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Mountaineers Books marks its 50th anniversary

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Mountaineers Books marks its 50th anniversary
October 14, 2010 05:32PM
October 14, 2010 at 10:48 AM | Page modified October 14, 2010 at 2:11 PM

After 50 years, Mountaineers Books still on the rise
The Mountaineers Books is on solid ground as it prepares to observe its 50th anniversary: Sales at the nonprofit club's publishing division rose 15 percent to more than $3.3 million for last fiscal year, and the 15-employee operation earned a profit of about 8 percent that will be plowed back into publishing new books and, increasingly, digital content.

By Terry Wood

Special to The Seattle Times

Serving readers who dream of scaling lofty pinnacles or dangling toes over a view-filled precipice, The Mountaineers Books is on solid ground as it prepares to mark its 50th anniversary, says publisher Helen Cherullo.

"It hasn't been easy in this environment," says Cherullo, "but we've had a really good year."

Sales at the publishing division of The Mountaineers, a nonprofit club founded in 1906 to advance outdoor recreation and conservation, climbed a healthy 15 percent to more than $3.3 million for the fiscal year ended Sept. 30. The 15-employee operation, which generally is financially self-sufficient, earned a profit of about 8 percent that will be plowed back into publishing new books and, increasingly, digital content.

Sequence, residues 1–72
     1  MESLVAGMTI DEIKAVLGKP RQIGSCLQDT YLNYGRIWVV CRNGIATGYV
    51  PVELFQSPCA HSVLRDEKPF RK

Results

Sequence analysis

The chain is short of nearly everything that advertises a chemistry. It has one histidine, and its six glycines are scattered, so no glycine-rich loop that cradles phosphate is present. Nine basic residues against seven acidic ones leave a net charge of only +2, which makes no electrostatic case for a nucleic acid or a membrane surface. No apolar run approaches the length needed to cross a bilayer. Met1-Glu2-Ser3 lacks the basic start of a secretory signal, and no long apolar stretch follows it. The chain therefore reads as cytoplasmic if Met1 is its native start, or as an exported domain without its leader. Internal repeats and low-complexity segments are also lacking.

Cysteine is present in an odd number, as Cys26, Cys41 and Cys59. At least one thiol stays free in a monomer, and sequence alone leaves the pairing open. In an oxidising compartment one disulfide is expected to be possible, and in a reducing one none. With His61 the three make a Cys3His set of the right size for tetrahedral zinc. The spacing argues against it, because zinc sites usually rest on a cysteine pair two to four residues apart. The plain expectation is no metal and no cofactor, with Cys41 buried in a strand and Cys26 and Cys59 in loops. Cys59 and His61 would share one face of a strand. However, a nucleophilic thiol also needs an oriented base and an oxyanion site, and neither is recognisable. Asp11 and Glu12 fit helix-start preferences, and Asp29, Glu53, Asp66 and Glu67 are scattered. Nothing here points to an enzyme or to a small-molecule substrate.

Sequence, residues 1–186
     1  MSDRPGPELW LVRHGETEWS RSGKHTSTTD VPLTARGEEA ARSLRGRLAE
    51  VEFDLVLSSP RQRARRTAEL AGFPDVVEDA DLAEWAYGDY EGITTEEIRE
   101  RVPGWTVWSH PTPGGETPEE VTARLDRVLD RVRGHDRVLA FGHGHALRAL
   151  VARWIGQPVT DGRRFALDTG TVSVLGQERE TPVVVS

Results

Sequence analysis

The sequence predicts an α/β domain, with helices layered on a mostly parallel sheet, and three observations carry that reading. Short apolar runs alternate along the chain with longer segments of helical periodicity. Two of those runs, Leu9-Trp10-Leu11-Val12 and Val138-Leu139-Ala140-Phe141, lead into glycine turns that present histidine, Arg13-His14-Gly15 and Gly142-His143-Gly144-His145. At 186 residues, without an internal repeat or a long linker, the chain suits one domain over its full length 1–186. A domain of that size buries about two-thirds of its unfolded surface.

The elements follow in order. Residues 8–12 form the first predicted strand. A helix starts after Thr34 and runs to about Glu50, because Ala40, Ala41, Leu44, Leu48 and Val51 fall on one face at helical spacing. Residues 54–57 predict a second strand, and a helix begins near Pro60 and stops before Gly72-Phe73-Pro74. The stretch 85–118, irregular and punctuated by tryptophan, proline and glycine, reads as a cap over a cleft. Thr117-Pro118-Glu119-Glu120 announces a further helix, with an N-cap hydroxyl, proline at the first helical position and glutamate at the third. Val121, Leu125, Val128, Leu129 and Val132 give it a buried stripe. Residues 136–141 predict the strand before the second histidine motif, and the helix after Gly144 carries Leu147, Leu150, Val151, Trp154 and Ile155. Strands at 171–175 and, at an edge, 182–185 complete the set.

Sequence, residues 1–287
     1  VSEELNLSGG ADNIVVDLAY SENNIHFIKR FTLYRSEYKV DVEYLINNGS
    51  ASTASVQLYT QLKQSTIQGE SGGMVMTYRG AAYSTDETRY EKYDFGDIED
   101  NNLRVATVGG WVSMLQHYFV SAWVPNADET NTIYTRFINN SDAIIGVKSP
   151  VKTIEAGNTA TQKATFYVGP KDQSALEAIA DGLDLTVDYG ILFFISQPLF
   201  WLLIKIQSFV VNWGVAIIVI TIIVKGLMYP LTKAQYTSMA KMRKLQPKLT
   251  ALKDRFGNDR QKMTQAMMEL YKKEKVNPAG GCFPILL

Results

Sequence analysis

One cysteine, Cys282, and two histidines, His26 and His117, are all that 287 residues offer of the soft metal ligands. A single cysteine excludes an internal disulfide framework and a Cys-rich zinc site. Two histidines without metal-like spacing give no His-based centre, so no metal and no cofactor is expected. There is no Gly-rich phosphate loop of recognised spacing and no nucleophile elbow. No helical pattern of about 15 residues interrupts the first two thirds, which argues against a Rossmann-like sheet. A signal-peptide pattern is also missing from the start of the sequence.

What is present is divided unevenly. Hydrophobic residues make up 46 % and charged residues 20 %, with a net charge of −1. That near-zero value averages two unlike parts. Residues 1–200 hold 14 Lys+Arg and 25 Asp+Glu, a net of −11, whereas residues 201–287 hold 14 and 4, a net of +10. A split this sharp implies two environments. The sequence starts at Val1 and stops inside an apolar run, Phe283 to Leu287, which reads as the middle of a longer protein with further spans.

Not that its older books — a catalog of 500-plus titles — are being ignored.

The eighth edition of "Mountaineering: The Freedom of the Hills" — the first title ever released by The Mountaineers Books (in 1960) and still its all-time best-seller — reached stores last month.

Published in 10 languages with more than 600,000 copies of past editions sold, "Freedom" is mountaineering's seminal textbook. The new edition offers the most up-to-date thinking from more than 40 climbers and outdoor educators on hundreds of topics, from knot-tying to waterfall ice climbing.

Renowned climber Ed Viesturs has said he picked up his first copy of "Freedom" in 1976 and read it more than once before his first climb. Other climbing greats, from Jim Whittaker to Conrad Anker, cite its influence on their careers.

"I don't know if I ever talked to a climber who hasn't brought up on their own, 'Oh, I learned to climb with "Freedom" ' — and then they'll tell me which edition," Cherullo says. "Jim Wickwire, the first American to stand on K2, shared with us that he learned to climb using the first edition. That's a real source of pride for us, knowing that the book has been an important part of so many climbers' tool kits."

Wickwire, 70, and Whittaker, 81, will be among climbing luminaries attending an anniversary celebration Friday night at The Mountaineers' Seattle program center.


www.mountaineersbooks.org

http://seattletimes.nwsource.com/html/businesstechnology/2013159998_mountaineers15.html
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